# Deviance information criterion (DIC) for mcmc model

I’m still in the early stages of understanding Bayesian inference, so forgive me if I miss something obvious.

A tutorial I was following on Monte Carlo methods (in R) discussed the use of the D.I.C. to evaluate model effectiveness.

I didn’t see a DIC metric in pyro, so I was hoping someone would be willing to check my work?

My implementation for the DIC function is this:

(variable names correspond to this documentation https://www.rdocumentation.org/packages/SpatialExtremes/versions/2.0-7.2/topics/DIC)

``````    def dic(model_fn, samples, **kwargs):
pi_theta = numpyro.infer.log_likelihood(model_fn, samples, **kwargs)['y'].sum(axis=1)
D_bar = -2 * pi_theta.mean(axis=0)
theta_star = {k: v.mean(keepdims=True) for k, v in samples.items()}
pi_theta_star = numpyro.infer.log_likelihood(model_fn, theta_star, **kwargs)['y'].sum()
D_theta_star = -2 * pi_theta_star
print('expected deviance:', D_bar)
print('effective number of parameters:', D_bar - D_theta_star)
print('DIC:', D_bar - D_theta_star + D_bar)
``````

A Jupyter notebook with an example can be found here: https://github.com/bdhammel/bayesian-stats-classes/blob/master/bayesian-stats-techniques-and-models/DIC.ipynb

In the above link, I fit two simple models against some noisy data generated from the function y=mx: A model with one coefficient and another model with two coefficients.

The penalty terms I get back are close to 1 and 2, respectively. My understanding is that these should actually be closer to 2 and 3, because the standard deviation should be included in the effective number of parameters.

I’m not sure if this is expected, because it’s the approximate number of parameters, or if there is a mistake somewhere in my work.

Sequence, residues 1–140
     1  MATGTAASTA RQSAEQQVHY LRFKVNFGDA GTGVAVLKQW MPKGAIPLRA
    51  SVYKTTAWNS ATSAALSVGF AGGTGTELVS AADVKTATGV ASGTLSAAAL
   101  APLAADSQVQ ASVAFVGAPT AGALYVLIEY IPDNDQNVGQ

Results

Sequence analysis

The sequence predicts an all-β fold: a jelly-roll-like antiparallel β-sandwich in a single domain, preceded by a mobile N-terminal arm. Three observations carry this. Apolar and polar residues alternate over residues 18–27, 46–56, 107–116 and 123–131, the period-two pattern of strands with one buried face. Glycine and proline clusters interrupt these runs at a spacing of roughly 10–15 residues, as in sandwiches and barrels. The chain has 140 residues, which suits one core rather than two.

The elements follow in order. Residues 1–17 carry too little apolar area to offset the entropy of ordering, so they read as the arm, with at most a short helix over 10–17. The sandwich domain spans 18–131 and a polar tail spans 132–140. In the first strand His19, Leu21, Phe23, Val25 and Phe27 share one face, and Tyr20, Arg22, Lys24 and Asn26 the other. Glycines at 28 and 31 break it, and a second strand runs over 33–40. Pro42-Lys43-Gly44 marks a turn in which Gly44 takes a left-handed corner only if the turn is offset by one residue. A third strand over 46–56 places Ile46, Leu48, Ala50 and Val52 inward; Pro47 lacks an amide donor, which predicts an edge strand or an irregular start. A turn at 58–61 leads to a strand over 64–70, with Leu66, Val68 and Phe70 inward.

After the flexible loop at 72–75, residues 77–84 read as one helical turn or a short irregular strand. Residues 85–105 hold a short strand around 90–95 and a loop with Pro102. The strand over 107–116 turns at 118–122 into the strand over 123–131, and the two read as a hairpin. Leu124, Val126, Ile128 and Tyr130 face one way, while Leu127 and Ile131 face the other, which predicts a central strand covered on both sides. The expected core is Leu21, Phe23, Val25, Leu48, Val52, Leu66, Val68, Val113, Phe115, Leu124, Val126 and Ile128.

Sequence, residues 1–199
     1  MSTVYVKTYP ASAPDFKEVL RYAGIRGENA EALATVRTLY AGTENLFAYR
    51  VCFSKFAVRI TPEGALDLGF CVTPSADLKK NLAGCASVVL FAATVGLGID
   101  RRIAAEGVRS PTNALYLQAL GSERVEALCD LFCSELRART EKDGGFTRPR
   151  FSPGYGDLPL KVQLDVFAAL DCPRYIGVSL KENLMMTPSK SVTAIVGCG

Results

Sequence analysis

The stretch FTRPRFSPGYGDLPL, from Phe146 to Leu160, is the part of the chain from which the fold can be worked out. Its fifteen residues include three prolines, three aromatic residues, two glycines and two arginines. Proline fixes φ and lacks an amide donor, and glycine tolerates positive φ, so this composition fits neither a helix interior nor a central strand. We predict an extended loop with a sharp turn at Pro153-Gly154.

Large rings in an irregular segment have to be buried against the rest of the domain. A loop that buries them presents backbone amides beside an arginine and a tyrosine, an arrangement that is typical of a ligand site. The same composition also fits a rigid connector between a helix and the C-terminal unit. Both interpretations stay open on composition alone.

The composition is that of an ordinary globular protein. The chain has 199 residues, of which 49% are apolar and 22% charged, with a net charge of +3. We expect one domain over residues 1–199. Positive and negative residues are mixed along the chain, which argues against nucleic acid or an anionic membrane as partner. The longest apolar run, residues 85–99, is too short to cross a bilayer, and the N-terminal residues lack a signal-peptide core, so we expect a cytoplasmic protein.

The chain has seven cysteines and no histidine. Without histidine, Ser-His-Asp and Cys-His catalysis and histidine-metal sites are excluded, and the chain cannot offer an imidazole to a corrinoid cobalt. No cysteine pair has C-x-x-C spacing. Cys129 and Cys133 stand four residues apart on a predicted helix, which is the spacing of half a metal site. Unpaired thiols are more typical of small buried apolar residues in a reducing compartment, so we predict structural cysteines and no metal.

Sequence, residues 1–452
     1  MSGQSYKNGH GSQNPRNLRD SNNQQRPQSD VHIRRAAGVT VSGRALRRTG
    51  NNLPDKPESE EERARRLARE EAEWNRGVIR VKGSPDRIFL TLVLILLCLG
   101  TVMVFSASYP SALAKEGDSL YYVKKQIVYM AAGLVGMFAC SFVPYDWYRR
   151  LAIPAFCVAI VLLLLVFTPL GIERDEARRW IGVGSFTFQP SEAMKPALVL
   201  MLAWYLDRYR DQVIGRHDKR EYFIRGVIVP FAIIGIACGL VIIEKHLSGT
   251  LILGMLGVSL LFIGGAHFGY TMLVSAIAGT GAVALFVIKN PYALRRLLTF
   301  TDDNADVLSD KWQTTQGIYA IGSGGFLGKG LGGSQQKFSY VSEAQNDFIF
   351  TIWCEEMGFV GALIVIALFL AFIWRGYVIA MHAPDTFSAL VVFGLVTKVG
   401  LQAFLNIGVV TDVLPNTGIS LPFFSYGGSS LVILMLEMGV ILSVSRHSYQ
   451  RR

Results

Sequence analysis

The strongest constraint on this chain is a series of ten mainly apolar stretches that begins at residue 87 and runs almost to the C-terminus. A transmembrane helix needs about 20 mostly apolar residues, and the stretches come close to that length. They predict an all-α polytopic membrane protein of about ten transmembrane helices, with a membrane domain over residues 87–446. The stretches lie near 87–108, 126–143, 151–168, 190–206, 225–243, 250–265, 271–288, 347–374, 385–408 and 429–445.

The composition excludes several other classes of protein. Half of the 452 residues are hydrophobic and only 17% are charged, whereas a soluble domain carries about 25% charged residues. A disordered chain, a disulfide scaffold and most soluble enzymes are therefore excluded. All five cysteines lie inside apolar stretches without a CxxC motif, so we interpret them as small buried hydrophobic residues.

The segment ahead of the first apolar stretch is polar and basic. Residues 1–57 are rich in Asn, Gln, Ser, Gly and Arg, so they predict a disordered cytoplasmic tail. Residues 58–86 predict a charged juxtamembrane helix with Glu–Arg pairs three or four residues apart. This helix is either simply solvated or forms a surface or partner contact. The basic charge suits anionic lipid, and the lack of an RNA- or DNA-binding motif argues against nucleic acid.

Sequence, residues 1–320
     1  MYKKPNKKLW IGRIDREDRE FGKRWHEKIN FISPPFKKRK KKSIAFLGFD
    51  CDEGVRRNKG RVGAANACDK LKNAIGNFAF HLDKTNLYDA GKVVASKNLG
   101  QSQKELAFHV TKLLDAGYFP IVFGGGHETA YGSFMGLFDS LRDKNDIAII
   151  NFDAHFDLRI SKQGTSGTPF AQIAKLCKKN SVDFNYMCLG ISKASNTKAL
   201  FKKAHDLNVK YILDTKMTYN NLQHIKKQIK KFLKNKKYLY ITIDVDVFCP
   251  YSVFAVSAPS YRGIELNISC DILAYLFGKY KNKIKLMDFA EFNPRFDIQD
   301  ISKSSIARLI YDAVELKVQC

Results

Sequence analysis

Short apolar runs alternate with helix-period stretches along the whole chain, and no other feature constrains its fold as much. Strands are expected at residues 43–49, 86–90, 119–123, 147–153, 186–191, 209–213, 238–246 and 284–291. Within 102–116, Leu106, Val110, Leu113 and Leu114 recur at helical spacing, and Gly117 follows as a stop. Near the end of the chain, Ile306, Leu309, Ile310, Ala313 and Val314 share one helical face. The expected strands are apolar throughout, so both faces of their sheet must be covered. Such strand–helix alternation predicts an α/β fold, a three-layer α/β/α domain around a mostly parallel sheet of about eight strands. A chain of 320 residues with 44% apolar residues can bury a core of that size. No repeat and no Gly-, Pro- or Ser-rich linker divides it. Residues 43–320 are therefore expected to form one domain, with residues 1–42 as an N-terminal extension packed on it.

Specifically, I’m not entirely confident in my calculation of `D_bar` - I’m not sure if the expectation value works out to be a straight mean.

Hi @bdhammel, I think that your implementation is correct. Probably the prior of your `std` is too wide, so `std` is not an efficient parameter (heuristically). Could you try to either reduce `rate` parameter of InverseGamma prior or use `dist.Exponential(1)` prior? Then it is a good exercise to compare DICs (and other information criterions) of your models with different `std` priors. Thank you very much for looking into this.

I was intentionally trying to set the priors to be as non-informative as possible because I thought I would un-bias the model that way. But, switching to an std-prior of `dist.Exponential(1)` returns the expected values of `2` and `3`, so it looks like this works.

For my own education, could you point me to a resource about why an exponential is an o.k. conjugate prior to use for the std? Naively looking at this: https://en.wikipedia.org/wiki/Conjugate_prior I thought I had to use an inverse gamma distribution if (I believe) my obs follow a normal distribution.

Hi @bdhammel, I don’t have much experience with conjugation. I guess it does not important unless you can exploit that information in the sampler. Looking at your data, I just think that the wide prior for std is not a good option. You can use other priors I guess as long as it is not too wide.

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